“One more time! One more time! One more time!”

When the volume and energy reached it’s pinnacle, they broke with hoots and yahoos, as though preparing to sprint onto the field for the Super Bowl. They were bulls in a pen, scraping the dirt with anticipation. It was one of the most fascinating and inspiring things I have ever been a part of and I knew that this circle would never leave me. Their performance was riveting, even for me, and I have seen it countless times.

The next day, we all began to drift in different directions as the festival wound down. Some people departed for home a day early and I could feel the air quietly escaping our collective balloon. That evening, the production received exactly three awards of recognition from the Kennedy Center American College Theatre Festival, Region 6. Early the following day, we all hit the road or the air, heading back to our real lives and routines. That was almost a week ago, and I am now back into my daily familiars; not a bad thing. Still, I will never forget these performers who are now my friends. Even after they are long removed from my presence, I will hold them close to my heart. They gave me a gift that I can never adequately described, and unquestionably, it is one that will stay with me forever. I cannot wait to see what they each do next, for every positive experience is a mere stepping stone to something else, isn’t it? Maybe my play will get another production. Another place, another time. I hope so. One more time. Still, nothing will ever top High and Mighty, 2015 production. She was one of a kind.


February 10, 2016

When I was a little girl, my mother taught me a song that went like this:

“If you can’t say something nice, then, shhhhh! Say nothing.
Think it over once or twice, then, shhhh! Say nothing.
Think of happy things to say. That’s the rule to follow.
If you can’t say something nice, close your lips and swallow.”

Little did I know that this was a song I would grow to love more and more as I age. These days, I even take it a step further. If I find myself even thinking ugly thoughts, I push them out of my head, setting them free from my mind and lightening the load in my brain. Like most people, I am far, far from perfect but, like some, I am a continually reaching for a better me. That means no gossip, no criticism, no catty remarks (no matter how funny, and sometimes I am really, really funny) at the expense of other people. Although this endeavor is a never ending battle, like flossing one’s teeth, I am getting used to the routine, and actually feeling pretty peaceful when I find myself instinctively walking this road. I have heard that vegetarians, once cleansed of animal proteins, can become physically ill if they eat a piece of meat. Well, I won’t go so far as to say that gossip makes me ill, but my stomach does immediately respond to cruel remarks about others. It turns gently as if to warn me. These days, if someone serves me a fast ball of juicy gossip, I just let it drop at my feet and stay there. No return. Soon enough, the balls stop coming.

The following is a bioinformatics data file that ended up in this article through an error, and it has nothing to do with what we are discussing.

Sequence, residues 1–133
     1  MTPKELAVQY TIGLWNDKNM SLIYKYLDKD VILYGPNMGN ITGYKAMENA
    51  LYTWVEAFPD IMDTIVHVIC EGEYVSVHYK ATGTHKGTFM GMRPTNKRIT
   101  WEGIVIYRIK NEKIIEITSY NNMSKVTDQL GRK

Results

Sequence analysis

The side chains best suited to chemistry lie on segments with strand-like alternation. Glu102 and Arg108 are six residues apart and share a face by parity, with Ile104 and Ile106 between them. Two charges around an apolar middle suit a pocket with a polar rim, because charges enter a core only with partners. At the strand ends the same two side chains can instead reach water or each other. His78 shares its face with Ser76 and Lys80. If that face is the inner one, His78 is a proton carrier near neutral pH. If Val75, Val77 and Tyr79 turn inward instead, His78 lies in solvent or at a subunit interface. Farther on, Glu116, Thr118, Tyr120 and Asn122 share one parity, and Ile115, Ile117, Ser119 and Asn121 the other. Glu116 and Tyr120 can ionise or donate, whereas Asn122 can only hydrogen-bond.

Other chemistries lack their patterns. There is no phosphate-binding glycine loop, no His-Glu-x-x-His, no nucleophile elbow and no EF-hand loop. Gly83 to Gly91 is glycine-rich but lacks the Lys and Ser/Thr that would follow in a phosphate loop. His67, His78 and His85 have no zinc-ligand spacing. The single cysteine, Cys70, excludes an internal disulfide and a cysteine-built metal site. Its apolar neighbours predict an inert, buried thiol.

I don’t know exactly when being kind, diplomatic, mannerly and humble became unfashionable. As I was growing up, that sort of behavior was what my parents and teachers expected of me and everyone else. A smart mouth would earn me a reprimand, not applause. Unkind words about others earned me a lesson in self awareness, for those unkind words were gently pointed right back at me like a mirror. That is why I am so baffled at the fairly recent acceptance and endorsement of mean spirited rudeness, marketed as toughness. The first time I noticed this trend was on TV in the persona of a judge who took pleasure in publicly berating and humiliating citizens in her courtroom, in addition to sentencing or fining them. Then it was in the smart alec mouth of a TV mom, then a shock jock on the radio. As the temperature for civility began to covertly rise all around me, like everyone else, I began to not notice so much.

Considering this, it is no surprise that the presidential election circus affects me in such a negative way. Candidates feed on each other’s weaknesses and missteps like hungry hyenas. They seek out the worst in each other and magnify it to the best of their advantage. We Americans, who already feel badly about something in our own lives (and frankly, who doesn’t?), follow the blood in the water to find somebody, something that we can point our finger towards; something uglier than our own picture, something at least as smelly as our own mess. Leaving our TVs on all day, we drink the Kool Aid of fear, insecurity and angst. We let the media hose gasoline on the spark of our own Tasmanian Devil until we spin ourselves into a frenzy of negativity. I am so sick of it. So, until this election is over, I vow not to say a single word about any candidate, even you know who. I will only say nice things about them, and if I cannot say anything nice, then I shall simply remain silent. The irony is that, like most Americans, I really, really want to respect all the candidates. I want to look up to each one of them, because they have already reached a level of accomplishment that most never touch. I am an easy target. Say just a few respectful things, be diplomatic about the rest, and I am yours! Easy. A pipe dream, you say? Probably, but a girl’s gotta dream, right? Oh well. On November 8, 2016 I shall vote and hope for the best. And if my candidate does not win, so be it. I will take a deep breath and find something nice to say, even if it is just about the weather. Complaining doesn’t elevate me or the person subjected to it, so I will just try to rise above my disappointment. Or maybe I will just sing a little song.